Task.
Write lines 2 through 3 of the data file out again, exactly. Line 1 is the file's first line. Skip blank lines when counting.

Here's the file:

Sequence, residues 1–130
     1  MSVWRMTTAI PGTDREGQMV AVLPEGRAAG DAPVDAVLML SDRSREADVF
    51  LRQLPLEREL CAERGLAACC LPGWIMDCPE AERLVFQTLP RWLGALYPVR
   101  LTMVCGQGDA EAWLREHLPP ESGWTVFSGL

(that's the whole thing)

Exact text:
     1  MSVWRMTTAI PGTDREGQMV AVLPEGRAAG DAPVDAVLML SDRSREADVF
    51  LRQLPLEREL CAERGLAACC LPGWIMDCPE AERLVFQTLP RWLGALYPVR